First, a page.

We would then calculate the predicted values for each value of x and compute their product in order to estimate the survival curves. Pointwise 95 % confidence intervals for the curves can be obtained via a nonparametric bootstrap. In our emulated trials, however, the above logistic model needs to be adjusted by both baseline and postbaseline (timevarying) confounders. The procedure then needs to be modified as we now describe.
Adjustment for Covariates
In both trials # 2 and #3, we need to adjust for covariates that jointly predict surveillance colonoscopy A _{ t } (and therefore censoring) and subsequent outcome. Some of these variables are fixed at the baseline of each trial; others vary during the followup. Let L _{0} represent the vector of baseline covariates, which include age at baseline, sex, family history of colorectal cancer, history of smoking, and findings at NORCCAP colonoscopies (number of adenomas, size, histology, and presence of villous elements). Let L _{ t } represent the vector of timevarying covariates, which include an indicator for incident noncolorectal malignancies, and a vector of the findings from the most recent colonoscopy (number of adenomas, size of largest adenoma, histological grade, and presence of villous elements).
To adjust for L _{0}, one could fit the pooled logistic model \( logit \Pr \left({Y}_{t+1}=0\Big{Y}_t=0,x,{L}_0\right)={\alpha}_{0,t}+{\alpha}_1f(x)+{\alpha}_2f(x)\times t+{\alpha}_3{L}_0 \) to the expanded dataset of each trial separately. To obtain the survival curves under each strategy x, one would then calculate the predicted values for each value of x, standardized them by L _{0}, and compute their product. However, the timevarying covariates L _{ t } cannot be added to the logistic model because these variables may be affected by prior treatment [10, 11] (a colonoscopy may change the findings at future colonoscopies, for example by removing adenomas; see Appendix). We therefore need to use IP weighting to adjust for L _{ t }.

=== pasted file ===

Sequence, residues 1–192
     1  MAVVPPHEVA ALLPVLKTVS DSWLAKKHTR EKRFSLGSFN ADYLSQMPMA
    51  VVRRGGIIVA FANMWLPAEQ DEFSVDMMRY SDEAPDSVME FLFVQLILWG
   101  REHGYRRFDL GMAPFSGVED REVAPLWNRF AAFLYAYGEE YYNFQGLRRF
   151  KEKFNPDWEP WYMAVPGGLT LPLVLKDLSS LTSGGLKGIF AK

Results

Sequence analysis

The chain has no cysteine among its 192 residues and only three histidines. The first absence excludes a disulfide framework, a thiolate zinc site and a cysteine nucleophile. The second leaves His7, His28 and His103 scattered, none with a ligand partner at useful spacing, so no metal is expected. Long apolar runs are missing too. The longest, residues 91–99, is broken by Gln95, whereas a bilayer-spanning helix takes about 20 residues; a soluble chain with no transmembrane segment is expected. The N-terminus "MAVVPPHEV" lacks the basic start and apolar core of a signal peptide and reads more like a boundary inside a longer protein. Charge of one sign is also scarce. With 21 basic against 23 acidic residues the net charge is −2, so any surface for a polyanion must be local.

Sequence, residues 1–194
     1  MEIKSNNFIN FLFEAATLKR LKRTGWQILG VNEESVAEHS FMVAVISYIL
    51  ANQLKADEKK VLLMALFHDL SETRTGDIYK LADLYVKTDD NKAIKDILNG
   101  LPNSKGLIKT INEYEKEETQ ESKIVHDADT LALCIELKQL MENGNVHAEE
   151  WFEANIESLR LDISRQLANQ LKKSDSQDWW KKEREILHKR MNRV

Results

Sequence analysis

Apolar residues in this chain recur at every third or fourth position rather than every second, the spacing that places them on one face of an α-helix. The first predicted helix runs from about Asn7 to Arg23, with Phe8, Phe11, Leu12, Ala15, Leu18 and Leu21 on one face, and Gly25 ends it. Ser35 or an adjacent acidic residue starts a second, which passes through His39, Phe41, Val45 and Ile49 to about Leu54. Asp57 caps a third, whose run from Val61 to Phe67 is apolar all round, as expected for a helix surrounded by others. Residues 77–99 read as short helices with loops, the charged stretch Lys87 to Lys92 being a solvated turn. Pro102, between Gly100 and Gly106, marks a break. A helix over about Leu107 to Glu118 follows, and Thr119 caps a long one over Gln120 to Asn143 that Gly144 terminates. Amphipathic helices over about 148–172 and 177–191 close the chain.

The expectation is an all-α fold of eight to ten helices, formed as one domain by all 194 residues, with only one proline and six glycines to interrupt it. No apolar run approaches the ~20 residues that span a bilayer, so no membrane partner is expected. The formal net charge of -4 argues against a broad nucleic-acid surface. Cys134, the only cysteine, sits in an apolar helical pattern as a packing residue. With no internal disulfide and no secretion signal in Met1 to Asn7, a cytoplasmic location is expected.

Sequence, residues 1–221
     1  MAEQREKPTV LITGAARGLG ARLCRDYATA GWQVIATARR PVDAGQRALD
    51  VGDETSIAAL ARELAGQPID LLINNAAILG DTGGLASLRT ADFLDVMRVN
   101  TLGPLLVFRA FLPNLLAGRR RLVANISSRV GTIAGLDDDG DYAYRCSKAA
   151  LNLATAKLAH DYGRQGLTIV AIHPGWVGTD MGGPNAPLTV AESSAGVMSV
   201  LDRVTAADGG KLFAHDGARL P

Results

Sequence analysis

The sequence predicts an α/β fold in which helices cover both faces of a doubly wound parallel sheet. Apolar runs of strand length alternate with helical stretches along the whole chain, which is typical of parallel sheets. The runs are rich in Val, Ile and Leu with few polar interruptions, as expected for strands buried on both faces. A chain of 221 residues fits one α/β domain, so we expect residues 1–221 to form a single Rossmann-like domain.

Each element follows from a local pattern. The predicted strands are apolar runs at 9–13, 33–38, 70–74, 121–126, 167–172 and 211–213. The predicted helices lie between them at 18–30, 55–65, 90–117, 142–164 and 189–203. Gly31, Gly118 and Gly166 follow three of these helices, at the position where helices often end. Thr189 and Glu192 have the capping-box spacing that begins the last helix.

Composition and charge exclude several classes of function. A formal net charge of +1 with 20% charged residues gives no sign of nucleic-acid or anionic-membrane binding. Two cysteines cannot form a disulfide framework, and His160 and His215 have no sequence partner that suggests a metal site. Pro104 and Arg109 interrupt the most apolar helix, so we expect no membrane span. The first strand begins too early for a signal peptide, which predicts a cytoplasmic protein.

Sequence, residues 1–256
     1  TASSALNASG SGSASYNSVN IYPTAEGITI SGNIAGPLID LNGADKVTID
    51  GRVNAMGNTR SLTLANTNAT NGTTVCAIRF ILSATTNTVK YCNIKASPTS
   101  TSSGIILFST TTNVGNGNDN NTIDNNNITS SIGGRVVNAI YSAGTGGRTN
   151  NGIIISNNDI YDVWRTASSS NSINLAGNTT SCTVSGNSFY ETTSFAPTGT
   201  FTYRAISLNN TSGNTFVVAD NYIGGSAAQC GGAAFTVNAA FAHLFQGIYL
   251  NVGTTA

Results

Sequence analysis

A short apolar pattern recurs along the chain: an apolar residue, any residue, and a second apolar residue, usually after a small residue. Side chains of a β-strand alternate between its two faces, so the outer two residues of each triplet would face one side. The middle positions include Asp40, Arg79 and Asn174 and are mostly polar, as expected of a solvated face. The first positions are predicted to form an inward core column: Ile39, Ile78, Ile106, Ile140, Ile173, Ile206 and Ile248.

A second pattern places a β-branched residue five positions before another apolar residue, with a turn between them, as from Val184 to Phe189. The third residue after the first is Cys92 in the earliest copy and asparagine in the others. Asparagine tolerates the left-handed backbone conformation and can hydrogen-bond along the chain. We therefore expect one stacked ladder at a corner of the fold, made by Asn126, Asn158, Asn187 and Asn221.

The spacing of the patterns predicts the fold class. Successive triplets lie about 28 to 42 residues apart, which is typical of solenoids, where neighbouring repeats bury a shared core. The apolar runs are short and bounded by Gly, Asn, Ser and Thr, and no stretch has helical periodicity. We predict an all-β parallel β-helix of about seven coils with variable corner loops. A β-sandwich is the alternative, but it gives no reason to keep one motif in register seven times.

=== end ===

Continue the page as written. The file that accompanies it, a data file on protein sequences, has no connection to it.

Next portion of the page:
The subjectspecific, timevarying IP weights are \( {W}_t=\prod_{j=0}^t\frac{1}{f\left({A}_j{\overline{A}}_{j1},\;{\overline{L}}_j,\;{Y}_j={D}_j=0\right)} \). Informally, the denominator of the weights is each subject’s conditional probability of having, at each time t, his or her own surveillance colonoscopy history. We use overbars to denote history, i.e., \( {\overline{L}}_t= \) (L _{0}, L _{1}, L _{2}, …, L _{ t }).
The factors in the denominator of the weights were set to 1 in months following age 70, a nonsurveillance colonoscopy, or the diagnosis of malignancies other than colorectal cancer because the individual has a probability 1 of remaining uncensored during those months. The factors in the denominator were also set to 1 during the first 9 months after a colonoscopy is received, because no surveillance colonoscopies were performed during this period (only colonoscopies due to symptoms or to incompleteness of the preceding colonoscopy). In previous applications of IP weighting for strategies with grace periods, the investigators were interested only in strategies that were not sustained beyond the initial decision to treat [14]. Therefore, the contributions to the weights were set to 1 for all time periods after treatment was first received.